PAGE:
1

What tools are necessary when developing efficiently with Silverlight 4? VS 2010 is a gimme, but what version? Is Pro enough? Premium? What about Expression Blend/Web/Both?

When considering VS 2010, premium comes with an MSDN subscription but it's at the high end of the budget. It makes sense if Expression comes with it though.

It's for a one man development show, making an LOB app that will integrate video/audo and mic/webcam equipment.

closed as off-topic by GlenH7, user40980, gnat, Kilian Foth, Dan Pichelman Jan 30 '15 at 20:56

This question appears to be off-topic. The users who voted to close gave this specific reason:

  • "Questions asking us to recommend a tool, library or favorite off-site resource are off-topic for Programmers as they tend to attract opinionated answers and spam. Instead, describe the problem and what has been done so far to solve it." – GlenH7, Community, gnat, Kilian Foth, Dan Pichelman
If this question can be reworded to fit the rules in the help center, please edit the question.

  • Maybe you are eligible for the Microsoft BizSpark program? – user2567 Oct 29 '10 at 21:20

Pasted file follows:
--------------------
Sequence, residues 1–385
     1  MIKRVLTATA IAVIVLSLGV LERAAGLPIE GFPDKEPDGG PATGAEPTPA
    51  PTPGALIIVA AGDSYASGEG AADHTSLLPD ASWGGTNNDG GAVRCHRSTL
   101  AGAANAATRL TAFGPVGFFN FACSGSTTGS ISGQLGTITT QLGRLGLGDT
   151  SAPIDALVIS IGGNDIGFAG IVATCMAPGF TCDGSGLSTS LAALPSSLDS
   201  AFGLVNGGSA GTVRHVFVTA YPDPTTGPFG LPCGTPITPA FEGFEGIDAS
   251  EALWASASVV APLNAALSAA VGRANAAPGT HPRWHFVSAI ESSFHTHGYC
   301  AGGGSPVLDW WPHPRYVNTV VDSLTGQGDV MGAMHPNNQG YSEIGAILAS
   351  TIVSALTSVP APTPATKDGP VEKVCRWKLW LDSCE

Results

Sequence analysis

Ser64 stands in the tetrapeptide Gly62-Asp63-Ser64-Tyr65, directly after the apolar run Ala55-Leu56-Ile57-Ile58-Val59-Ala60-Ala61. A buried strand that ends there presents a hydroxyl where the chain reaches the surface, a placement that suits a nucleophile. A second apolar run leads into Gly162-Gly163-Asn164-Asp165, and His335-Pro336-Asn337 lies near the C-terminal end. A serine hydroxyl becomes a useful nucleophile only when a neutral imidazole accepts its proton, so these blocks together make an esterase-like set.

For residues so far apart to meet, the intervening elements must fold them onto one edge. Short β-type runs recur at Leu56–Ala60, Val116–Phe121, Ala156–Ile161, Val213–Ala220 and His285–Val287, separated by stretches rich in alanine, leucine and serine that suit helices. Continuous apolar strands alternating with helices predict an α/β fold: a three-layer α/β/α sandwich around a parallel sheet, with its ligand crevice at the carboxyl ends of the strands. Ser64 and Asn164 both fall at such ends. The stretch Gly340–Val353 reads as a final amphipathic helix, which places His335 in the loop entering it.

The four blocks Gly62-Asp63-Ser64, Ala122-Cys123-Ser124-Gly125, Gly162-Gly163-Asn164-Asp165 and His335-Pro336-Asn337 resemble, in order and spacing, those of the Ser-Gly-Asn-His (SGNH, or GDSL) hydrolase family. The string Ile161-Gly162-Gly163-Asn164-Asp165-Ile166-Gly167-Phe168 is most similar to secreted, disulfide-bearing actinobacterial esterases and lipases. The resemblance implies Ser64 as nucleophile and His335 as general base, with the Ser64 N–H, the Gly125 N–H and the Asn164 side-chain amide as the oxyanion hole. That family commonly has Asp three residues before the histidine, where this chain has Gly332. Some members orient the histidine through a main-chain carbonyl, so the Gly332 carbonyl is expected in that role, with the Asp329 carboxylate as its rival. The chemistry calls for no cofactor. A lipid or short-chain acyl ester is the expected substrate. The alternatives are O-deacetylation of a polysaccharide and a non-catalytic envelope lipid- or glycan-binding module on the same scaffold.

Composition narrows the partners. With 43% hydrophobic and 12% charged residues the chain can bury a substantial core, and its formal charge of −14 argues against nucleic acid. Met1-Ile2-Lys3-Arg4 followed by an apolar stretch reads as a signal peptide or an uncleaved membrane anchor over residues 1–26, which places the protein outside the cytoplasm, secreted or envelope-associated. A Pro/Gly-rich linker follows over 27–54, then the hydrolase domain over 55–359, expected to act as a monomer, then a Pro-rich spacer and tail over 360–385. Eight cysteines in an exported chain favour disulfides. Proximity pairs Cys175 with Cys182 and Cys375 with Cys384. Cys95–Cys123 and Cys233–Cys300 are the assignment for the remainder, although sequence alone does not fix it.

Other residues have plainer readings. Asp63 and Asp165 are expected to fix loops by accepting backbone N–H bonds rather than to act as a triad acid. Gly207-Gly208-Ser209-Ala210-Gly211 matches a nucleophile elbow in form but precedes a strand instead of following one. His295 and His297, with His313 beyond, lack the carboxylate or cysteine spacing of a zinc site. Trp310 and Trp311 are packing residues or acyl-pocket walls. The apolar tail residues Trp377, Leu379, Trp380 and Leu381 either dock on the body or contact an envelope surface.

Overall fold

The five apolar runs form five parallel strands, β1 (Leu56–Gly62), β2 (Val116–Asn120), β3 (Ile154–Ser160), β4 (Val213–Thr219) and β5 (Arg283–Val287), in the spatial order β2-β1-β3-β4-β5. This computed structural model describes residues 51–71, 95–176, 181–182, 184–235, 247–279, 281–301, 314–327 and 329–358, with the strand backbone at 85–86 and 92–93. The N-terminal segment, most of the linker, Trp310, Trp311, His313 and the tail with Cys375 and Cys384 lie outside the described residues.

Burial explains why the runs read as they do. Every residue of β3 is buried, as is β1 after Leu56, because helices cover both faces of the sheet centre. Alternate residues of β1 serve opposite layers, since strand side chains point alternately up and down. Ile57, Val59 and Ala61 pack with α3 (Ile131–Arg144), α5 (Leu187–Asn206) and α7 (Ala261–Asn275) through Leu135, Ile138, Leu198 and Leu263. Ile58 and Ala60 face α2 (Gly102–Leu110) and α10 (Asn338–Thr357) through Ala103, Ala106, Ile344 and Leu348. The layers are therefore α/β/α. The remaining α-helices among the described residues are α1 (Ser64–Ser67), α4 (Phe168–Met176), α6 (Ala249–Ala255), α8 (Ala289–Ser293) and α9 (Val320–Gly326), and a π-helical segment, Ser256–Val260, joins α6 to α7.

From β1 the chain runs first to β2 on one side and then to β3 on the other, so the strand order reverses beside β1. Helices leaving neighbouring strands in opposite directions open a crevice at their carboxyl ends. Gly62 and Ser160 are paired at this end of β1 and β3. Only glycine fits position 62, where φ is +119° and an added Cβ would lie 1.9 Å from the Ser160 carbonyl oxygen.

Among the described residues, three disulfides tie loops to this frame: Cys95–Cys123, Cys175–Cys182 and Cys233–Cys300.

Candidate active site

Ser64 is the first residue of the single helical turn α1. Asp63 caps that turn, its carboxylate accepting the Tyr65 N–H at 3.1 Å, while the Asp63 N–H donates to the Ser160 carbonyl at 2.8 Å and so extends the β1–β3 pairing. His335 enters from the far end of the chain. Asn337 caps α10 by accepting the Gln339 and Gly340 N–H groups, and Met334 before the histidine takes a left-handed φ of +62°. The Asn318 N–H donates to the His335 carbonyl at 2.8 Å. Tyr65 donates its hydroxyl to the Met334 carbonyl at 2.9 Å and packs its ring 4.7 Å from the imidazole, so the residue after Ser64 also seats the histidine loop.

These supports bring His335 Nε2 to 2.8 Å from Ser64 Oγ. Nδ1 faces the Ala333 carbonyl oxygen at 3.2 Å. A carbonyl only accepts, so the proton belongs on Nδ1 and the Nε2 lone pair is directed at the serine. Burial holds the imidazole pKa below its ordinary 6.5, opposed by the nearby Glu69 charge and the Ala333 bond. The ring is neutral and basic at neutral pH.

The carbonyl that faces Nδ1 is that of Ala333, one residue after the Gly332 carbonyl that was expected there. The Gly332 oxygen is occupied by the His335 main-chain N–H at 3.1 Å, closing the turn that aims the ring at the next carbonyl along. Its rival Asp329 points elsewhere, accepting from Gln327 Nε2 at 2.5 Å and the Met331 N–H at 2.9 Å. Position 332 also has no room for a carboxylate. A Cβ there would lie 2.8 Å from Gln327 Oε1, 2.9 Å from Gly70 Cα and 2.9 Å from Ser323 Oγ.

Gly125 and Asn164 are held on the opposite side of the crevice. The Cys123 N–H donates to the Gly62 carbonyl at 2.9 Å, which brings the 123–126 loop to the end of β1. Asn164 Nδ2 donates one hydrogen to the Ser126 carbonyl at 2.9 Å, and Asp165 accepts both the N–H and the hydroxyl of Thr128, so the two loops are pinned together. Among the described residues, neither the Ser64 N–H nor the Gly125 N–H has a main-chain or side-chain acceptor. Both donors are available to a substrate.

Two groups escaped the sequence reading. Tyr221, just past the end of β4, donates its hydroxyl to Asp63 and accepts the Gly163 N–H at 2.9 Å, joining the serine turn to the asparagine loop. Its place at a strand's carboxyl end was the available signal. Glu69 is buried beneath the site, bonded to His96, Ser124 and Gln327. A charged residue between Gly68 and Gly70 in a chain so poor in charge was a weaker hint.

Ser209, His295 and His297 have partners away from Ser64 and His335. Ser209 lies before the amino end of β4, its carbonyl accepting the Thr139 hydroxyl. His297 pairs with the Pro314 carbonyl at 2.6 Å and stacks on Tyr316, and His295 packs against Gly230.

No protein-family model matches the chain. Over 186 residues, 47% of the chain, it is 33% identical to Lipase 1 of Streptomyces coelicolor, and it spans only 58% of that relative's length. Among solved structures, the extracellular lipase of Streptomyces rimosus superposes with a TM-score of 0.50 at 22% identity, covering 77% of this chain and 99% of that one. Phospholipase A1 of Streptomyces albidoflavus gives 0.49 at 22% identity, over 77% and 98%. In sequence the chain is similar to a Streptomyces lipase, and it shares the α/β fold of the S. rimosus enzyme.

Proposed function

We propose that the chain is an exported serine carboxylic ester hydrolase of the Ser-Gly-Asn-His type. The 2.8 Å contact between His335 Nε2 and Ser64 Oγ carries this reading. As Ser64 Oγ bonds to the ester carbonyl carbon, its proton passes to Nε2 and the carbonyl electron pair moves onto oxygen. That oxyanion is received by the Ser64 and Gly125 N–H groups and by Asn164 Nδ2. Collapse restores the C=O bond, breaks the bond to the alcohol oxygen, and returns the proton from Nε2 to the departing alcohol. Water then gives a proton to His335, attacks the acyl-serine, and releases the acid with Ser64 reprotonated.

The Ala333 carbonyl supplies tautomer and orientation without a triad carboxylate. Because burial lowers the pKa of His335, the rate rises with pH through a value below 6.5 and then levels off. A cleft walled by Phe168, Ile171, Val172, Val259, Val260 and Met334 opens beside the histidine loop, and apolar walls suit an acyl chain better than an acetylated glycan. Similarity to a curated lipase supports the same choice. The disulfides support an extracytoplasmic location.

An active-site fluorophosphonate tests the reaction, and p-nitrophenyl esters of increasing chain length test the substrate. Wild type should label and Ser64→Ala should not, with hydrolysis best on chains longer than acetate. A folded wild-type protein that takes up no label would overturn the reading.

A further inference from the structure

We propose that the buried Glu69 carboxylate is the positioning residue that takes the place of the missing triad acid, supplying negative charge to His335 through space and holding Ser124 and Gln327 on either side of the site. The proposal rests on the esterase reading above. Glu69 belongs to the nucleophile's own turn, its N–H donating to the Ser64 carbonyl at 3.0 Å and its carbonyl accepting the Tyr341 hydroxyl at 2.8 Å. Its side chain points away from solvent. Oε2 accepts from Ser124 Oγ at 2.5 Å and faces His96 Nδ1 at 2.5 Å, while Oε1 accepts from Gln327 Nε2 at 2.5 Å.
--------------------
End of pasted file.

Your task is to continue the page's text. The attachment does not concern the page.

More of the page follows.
• @Pierre 303: I've taken a look at it, and the boss is applying, but from what I can tell of the requirements, we don't qualify (been in business for a number of years now). – Steven Evers Oct 29 '10 at 21:30
  • 1
    May be this pdf will help. blogs.msdn.com/b/jmeier/archive/2010/10/26/… – Gulshan Oct 31 '10 at 7:04
3

You can actually develop Silverlight applications with the Web Express edition of Visual Studio so the Pro version would work to.

I'd also recommend getting Expression Blend - if only to get access to the options for copying and modifying style templates.

2

I would go for Microsoft Expression Blend. I remember that earlier version had a buggy source code editor, but I hope this one is fixed.

http://www.microsoft.com/expression/products/blend_overview.aspx

2

If you can afford it I would definitely recommend VS2010 Premium w/ MSDN, which therefore gives you access to Blend. Using Silverlight from a developer perspective, I find that some things are easier to accomplish in VS2010, and some things are easier in Blend. In fact some things are just impossible through the VS2010 designer that are trivial in Blend. Knowing and using both definitely gives you an advantage.

Not the answer you're looking for? Browse other questions tagged or ask your own question.